That subjective interpretation is still a core part of the game and the way it is officiated, and has to be, especially when people so often go on about “common sense”. There is no perfect system where every decision is right, because not everyone agrees on every decision.

Common sense was nevertheless completely abandoned for Forest’s statement. It was, to quote multiple football figures up to Jamie Carragher, “embarrassing”.

The statement wasn’t mere criticism of perceived incompetency or falling standards. It was directly questioning integrity, which is why it is right – and inevitable – that the Football Association investigates.

More than anything, though, it is the spoiled and self-entitled response of a club whose owner has a history of this. It is only three years since Olympiakos, also owned by Evangelos Marinakis, criticised the “darkest days of Greek refereeing ever”. A specific target of that criticism was the president of the “central refereeing committee”, who Olympiakos said they were withdrawing “confidence” in. The individual? Mark Clattenburg, who by 2024 Marinakis had enough confidence in to employ as Forest refereeing consultant.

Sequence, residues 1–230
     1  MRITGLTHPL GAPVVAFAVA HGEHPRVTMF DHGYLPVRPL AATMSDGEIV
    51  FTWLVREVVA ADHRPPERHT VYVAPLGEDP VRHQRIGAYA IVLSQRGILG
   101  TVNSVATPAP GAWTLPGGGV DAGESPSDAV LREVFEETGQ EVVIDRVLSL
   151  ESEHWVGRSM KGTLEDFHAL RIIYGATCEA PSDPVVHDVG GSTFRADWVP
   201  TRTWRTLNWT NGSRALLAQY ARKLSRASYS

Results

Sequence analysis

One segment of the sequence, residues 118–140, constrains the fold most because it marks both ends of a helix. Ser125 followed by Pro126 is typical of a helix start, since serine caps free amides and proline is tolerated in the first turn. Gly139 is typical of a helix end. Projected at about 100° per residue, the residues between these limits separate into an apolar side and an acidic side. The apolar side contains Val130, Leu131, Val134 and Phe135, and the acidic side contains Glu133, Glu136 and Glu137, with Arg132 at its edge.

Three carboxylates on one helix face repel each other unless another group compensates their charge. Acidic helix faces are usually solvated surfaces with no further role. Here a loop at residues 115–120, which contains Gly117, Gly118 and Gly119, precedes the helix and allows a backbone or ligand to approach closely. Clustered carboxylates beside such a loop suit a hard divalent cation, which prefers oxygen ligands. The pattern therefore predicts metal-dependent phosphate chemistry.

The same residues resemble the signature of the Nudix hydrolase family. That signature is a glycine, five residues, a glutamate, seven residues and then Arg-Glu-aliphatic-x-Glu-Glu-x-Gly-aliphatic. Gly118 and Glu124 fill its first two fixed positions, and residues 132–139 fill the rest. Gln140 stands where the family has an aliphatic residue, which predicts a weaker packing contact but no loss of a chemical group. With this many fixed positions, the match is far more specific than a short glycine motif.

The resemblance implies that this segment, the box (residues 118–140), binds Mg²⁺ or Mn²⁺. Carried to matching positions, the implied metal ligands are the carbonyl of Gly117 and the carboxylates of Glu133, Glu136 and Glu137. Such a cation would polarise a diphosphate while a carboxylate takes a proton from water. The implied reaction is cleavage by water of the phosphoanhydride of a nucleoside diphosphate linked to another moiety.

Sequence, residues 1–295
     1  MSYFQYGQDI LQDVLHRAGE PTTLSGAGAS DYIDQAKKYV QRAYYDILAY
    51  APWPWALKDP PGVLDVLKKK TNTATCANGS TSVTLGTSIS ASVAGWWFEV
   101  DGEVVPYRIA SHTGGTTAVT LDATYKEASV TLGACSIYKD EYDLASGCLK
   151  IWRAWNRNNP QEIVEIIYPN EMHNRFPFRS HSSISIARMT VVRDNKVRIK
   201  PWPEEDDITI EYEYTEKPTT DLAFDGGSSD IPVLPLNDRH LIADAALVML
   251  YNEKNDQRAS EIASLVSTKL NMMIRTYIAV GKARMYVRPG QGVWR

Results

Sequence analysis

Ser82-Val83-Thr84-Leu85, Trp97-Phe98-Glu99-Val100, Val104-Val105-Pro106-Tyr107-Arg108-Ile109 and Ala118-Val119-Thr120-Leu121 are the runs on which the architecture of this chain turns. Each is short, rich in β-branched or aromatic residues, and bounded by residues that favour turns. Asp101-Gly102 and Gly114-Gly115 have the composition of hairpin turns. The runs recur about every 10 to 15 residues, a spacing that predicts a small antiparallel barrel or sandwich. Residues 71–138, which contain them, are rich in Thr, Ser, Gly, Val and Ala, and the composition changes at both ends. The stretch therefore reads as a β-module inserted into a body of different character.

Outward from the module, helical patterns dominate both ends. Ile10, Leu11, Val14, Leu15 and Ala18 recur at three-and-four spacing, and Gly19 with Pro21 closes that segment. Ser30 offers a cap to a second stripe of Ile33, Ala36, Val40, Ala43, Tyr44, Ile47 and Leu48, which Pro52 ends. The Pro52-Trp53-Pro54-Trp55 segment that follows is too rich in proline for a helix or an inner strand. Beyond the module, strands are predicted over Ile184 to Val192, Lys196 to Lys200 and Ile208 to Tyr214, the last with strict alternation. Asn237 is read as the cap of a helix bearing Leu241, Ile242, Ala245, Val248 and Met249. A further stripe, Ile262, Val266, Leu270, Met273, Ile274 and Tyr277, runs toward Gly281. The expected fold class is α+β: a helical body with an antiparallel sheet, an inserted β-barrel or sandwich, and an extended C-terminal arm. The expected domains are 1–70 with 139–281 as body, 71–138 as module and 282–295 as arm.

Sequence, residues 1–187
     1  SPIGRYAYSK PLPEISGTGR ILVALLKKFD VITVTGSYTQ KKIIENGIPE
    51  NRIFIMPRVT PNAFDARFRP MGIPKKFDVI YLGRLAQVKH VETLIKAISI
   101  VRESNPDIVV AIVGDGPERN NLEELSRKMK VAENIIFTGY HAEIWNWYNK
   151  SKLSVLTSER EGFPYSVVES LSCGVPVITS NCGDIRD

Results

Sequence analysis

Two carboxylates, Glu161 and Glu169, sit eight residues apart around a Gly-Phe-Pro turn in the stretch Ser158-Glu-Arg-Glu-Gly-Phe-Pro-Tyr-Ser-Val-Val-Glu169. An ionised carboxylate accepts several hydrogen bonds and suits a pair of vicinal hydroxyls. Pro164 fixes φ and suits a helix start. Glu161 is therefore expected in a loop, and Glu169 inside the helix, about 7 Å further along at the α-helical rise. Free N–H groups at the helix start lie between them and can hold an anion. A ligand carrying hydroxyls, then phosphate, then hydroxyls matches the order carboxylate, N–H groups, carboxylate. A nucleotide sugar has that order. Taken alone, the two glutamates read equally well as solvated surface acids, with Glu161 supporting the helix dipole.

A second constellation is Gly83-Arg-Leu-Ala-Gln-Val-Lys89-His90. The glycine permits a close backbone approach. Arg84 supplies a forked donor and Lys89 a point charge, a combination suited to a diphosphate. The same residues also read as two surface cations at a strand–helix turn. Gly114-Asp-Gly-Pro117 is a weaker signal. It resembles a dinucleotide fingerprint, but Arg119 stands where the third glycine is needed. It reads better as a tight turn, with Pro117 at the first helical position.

Perhaps as concerning in the statement were the words that Forest “will now consider its options”. A profound issue with this is the foundational ethos that the very culture and business of sport just can’t function in any way if decisions aren’t simply left on the pitch. That has to be sacrosanct, or the entire culture of sport breaks down.

Mark Clattenburg has been working as a consultant for Nottingham Forest (Getty Images)
Mark Clattenburg has been working as a consultant for Nottingham Forest (Getty Images)

It is one of many reasons this statement was a landmark for the English game, and how all discourse around it has become so corrosive. It is certainly of a theme with Premier League meetings that are “dominated by long speeches by club lawyers”. There has still never been anything so inflammatory.